THE PRESENTATION OF THE QUESTION BY MARX IN 1852*
“In 1907, Mehring, in the magazine Neue Zeit134 (Vol. XXV, 2, p. 164), published extracts from Marx’s letter to Weydemeyer dated March 5, 1852. This letter, among other things, contains the following remarkable observation:
“And now as to myself, no credit is due to me for discovering the existence of classes in modern society or the struggle between them. Long before me bourgeois historians had described the historical development of this class struggle and bourgeois economists, the economic anatomy of classes. What I did that was new was to prove: (1) that the existence of classes is only bound up with the particular, historical phases in the development of production (historische Entwick- lungsphasen der Produktion), (2) that the class struggle necessarily leads to the dictatorship of the proletariat, (3) that this dictatorship itself only constitutes the transition to the abolition of all classes and to a classless society.”
In these words, Marx succeeded in expressing with striking clarity, first, the chief and radical difference between his theory and that of the foremost and most profound thinkers of the bourgeoisie; and, secondly, the essence of his theory of the state.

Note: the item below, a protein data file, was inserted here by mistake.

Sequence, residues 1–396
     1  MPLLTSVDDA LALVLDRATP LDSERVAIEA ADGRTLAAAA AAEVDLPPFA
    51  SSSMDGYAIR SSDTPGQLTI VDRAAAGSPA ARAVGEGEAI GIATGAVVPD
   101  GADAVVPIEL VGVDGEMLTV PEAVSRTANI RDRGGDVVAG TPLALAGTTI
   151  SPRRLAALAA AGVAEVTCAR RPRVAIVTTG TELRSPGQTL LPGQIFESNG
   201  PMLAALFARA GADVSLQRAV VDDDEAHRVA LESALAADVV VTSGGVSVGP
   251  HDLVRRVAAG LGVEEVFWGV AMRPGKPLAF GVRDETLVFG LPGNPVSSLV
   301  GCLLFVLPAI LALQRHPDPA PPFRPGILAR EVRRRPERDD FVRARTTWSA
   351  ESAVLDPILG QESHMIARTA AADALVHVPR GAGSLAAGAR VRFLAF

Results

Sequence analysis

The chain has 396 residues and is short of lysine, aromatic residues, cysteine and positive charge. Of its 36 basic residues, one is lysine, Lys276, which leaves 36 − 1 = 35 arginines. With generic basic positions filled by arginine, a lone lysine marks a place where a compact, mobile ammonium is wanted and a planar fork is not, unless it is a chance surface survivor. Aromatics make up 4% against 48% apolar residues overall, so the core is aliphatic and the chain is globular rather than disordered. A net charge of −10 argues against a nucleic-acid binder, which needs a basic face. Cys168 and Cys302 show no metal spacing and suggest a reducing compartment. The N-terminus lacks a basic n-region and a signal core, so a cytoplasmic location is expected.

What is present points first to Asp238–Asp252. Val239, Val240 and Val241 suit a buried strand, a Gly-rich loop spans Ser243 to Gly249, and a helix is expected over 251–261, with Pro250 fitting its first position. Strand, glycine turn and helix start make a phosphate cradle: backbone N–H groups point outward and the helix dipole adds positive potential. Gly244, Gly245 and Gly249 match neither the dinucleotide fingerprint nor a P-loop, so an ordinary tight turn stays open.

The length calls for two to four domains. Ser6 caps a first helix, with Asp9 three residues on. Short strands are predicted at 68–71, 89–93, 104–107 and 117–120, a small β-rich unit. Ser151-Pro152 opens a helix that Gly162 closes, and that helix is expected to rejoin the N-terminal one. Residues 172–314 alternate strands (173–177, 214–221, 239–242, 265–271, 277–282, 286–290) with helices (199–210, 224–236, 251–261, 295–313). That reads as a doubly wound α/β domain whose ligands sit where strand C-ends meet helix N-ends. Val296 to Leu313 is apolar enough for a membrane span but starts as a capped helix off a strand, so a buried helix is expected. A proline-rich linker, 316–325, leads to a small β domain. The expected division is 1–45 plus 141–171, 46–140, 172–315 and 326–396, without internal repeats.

It is often said and written that the main point in Marx’s theory is the class struggle. But this is wrong. And this wrong notion very often results in an opportunist distortion of Marxism and its falsification in a spirit acceptable to the bourgeoisie. For the theory of the class struggle was created not by Marx, but by the bourgeoisie before Marx, and, generally speaking, it is acceptable to the bourgeoisie. Those who recognize only the class struggle are not yet Marxists; they may be found to be still within the bounds of bourgeois thinking and bourgeois politics. To confine Marxism to the theory of the class struggle means curtailing Marxism, distorting it, reducing it to something acceptable to the bourgeoisie. Only he is a Marxist who extends the recognition of the class struggle to the recognition of the dictatorship of the proletariat. That is what constitutes the most profound distinction between the Marxist and the ordinary petty (as well as big) bourgeois. This is the touchstone on which the real understanding and recognition of Marxism should be tested. And it is not surprising that when the history of Europe brought the working class face to face with this question as a practical issue, not only all the opportunists and reformists, but all the Kautskyites (people who vacillate between reformism and Marxism) proved to be miserable philistines and petty-bourgeois democrats repudiating the dictatorship of the proletariat. …”
V. I. Lenin
CW Volume XXV
State and Revolution